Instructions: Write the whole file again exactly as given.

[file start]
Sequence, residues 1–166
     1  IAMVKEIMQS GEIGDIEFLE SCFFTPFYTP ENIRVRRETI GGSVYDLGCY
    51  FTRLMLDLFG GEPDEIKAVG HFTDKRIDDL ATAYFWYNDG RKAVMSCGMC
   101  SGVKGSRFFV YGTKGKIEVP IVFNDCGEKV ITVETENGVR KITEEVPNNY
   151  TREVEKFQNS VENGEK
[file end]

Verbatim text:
Sequence, residues 1–166
     1  IAMVKEIMQS GEIGDIEFLE SCFFTPFYTP ENIRVRRETI GGSVYDLGCY
    51  FTRLMLDLFG GEPDEIKAVG HFTDKRIDDL ATAYFWYNDG RKAVMSCGMC
   101  SGVKGSRFFV YGTKGKIEVP IVFNDCGEKV ITVETENGVR KITEEVPNNY
   151  TREVEKFQNS VENGEK